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Archive for the category “Environment”

It’s The Energy Policies, Stupid

If renewable energy sources like wind and solar are now competitive with fossil fuels, what’s stopping advanced economies like the United States from quickly shifting to a 100% clean-energy system? The short answer is that politicians are standing in the way of both markets and public opinion.

Read Here | Project Syndicate

Did Xi Just Save The World ?

“China will scale up its Intended Nationally Determined Contributions by adopting more vigorous policies and measures. We aim to have [carbon dioxide] emissions peak before 2030 and achieve carbon neutrality before 2060.” Xi Jinping’s speech via video link to the United Nations General Assembly on Sept. 22 was not widely trailed in advance. But with those two short sentences China’s leader may have redefined the future prospects for humanity.

Read Here | Foreign Policy

The Challenging Arithmetic Of Climate Action

All strategies to mitigate climate change have distributive implications that cannot be overlooked. If left unaddressed, such implications will fuel persistent headwinds to progress on the climate change and sustainability agenda.

Read Here – Project Syndicate

The World Isn’t Ready For Climate Refugees

Rising sea levels, wildfires, drought or a slow-moving hurricane can all threaten your way of life as surely as a bomb. But unlike victims of war for whom the causes and effects of the threats are clear and codified, there are no protections for environmental migrants. That’s despite World Bank estimates that tens of millions of people could be climate refugees by 2050.

Read Here – FiveThirtyEight

No, Capitalism Is Not To Blame For Climate Change

When the growth debate kicked off in the 1970s, most of the public still didn’t know anything about climate change. The Club of Rome researched resource consumption, overpopulation and pollution in a very broad sense. However, now that climate change has become an important political issue, we can learn a lot from that time. Most importantly, we must be careful to avoid trivialising the problem.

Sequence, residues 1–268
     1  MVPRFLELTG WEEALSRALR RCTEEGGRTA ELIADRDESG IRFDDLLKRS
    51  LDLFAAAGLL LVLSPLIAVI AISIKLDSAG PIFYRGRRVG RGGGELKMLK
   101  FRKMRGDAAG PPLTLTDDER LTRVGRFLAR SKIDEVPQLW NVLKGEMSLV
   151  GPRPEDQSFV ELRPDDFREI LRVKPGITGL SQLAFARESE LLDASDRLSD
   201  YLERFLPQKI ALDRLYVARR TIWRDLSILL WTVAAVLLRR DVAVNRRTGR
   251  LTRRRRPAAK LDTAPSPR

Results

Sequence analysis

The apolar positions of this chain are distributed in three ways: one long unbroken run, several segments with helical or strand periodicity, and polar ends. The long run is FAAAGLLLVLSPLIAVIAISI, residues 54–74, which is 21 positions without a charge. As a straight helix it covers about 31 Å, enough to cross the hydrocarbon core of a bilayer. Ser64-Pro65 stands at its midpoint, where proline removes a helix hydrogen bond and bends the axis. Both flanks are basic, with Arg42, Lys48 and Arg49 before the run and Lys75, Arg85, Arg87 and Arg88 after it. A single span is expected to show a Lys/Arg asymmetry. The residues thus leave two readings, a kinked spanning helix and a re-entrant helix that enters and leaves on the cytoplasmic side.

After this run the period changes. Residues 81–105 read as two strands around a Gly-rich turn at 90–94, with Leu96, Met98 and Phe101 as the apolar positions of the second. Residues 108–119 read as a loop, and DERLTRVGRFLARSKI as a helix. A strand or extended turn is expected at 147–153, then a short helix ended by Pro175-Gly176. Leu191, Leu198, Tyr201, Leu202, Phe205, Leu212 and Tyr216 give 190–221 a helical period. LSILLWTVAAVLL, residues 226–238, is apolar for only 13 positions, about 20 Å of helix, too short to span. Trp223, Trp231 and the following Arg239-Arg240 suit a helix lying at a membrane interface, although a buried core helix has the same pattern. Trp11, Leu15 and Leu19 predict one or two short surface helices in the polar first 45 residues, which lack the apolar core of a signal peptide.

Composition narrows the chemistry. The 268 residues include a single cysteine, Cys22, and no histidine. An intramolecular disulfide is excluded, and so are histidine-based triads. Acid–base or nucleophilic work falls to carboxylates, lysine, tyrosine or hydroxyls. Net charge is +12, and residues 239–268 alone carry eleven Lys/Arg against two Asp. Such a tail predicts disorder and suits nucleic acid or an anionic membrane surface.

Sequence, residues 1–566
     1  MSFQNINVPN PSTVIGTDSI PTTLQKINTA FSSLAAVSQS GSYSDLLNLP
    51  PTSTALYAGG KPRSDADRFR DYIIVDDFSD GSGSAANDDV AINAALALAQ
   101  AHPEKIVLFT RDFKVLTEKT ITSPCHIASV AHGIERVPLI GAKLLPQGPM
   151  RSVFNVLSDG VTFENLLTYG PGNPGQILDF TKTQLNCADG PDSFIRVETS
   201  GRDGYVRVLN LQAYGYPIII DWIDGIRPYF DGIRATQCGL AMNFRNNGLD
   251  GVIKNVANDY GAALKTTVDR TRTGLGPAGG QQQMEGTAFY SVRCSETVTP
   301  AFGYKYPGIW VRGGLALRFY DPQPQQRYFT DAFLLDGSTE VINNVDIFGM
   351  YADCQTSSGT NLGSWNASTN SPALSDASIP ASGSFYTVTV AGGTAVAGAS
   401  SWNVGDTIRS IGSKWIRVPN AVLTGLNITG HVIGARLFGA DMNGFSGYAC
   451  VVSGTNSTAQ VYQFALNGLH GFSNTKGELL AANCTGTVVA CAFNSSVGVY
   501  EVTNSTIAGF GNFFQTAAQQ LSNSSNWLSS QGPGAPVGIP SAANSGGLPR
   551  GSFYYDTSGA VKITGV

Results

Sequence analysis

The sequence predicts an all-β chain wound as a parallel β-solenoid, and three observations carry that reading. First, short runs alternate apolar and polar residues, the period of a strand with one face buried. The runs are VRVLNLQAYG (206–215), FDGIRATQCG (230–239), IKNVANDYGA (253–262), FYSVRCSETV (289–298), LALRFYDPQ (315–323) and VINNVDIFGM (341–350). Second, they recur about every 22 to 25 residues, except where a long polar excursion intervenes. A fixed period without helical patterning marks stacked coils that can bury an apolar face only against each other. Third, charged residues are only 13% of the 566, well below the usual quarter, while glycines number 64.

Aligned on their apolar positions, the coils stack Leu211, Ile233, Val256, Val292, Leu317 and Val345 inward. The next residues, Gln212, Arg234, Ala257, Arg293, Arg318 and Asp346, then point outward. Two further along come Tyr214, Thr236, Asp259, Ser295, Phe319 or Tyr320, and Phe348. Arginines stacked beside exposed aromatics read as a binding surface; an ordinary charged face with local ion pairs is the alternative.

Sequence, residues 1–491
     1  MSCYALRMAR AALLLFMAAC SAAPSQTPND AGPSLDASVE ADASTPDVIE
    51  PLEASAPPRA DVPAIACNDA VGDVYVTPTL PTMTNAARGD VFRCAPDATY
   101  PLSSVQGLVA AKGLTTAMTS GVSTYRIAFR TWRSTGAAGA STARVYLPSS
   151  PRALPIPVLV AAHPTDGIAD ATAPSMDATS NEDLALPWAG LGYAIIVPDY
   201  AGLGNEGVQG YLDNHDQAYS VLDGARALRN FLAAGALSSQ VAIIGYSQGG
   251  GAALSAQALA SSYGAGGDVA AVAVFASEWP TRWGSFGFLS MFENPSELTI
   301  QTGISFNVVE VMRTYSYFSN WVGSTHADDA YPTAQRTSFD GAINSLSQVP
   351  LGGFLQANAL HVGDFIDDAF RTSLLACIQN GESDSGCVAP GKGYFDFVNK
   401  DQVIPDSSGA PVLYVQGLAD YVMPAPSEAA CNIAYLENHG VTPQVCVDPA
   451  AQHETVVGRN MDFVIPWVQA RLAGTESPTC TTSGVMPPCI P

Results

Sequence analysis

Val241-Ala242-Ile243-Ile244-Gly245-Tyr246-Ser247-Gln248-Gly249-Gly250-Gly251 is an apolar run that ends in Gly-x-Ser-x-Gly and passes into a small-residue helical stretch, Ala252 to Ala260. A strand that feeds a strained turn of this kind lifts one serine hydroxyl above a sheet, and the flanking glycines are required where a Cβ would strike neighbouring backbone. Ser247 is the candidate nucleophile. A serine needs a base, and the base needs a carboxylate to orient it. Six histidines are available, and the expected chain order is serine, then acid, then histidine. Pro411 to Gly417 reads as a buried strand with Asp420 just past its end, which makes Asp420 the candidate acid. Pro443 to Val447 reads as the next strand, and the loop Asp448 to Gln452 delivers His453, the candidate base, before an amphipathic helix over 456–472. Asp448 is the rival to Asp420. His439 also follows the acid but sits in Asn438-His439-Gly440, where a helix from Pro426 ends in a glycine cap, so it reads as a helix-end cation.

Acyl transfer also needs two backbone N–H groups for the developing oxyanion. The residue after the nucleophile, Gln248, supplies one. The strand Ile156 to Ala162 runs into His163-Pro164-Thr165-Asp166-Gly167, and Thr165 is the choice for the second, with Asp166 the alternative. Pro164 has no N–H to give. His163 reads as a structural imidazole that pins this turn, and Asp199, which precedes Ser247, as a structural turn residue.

Read Here – Worldcrunch

The Developing World’s Water crisis has Arrived

Developing economies across Asia, Africa and South America, known as the Global South, are steadily running out of drinking water and accessing what is available is blowing a major hole in household budgets, a study across 15 cities has revealed. The study says the water crisis is severely “underestimated” and privatising water supplies in some places has exacerbated the problem.

Read Here – Asia Times

Why The Melting Of The Hindu Kush And Himalayan Glaciers Matters

Global warming is increasingly disrupting weather patterns and precipitation across the planet. In the Hindukush and Himalayan region, however, this will initially result in greater river flows by 2050-60 due to rapidly melting glaciers. Increase in water volumes will mean a higher risk of frequent floods, landslides, bursting of dams, soil erosion and crop failure.

Read Here – The Diplomat

In A Scary World, The Biggest Worry Has To Be Climate Change

Photo by Gem & Lauris RK on Unsplash

In a world of troubles, the battle against climate change must take priority. That is the clear message of the 28 leading global think tanks that together comprise the Council of Councils (CoC). The CoC’s 2018-2019 Report Card on International Cooperation designates global warming as the top international priority for the first time in the report card’s five-year history. Alas, those same experts see little opportunity for progress in the coming year.

Read Here – CNN

The World Keeps Not Ending

The catalogue of apocalypses is thick, and its contents are easy to mock. There are many who are skeptical about current global-warming claims in part because they remember that only a few decades ago we were in a worldwide panic about global cooling and the new ice age that was supposed to be descending upon us…

Read Here – National Review

Cape Town Is An Omen

Cape Town, South Africa. Photo/LBS

Day Zero is still hypothetical, but Cape Town’s reality will soon impact many global cities, where water will become a constant concern, and democracy will become contingent upon the taps.

Read Here – The Atlantic

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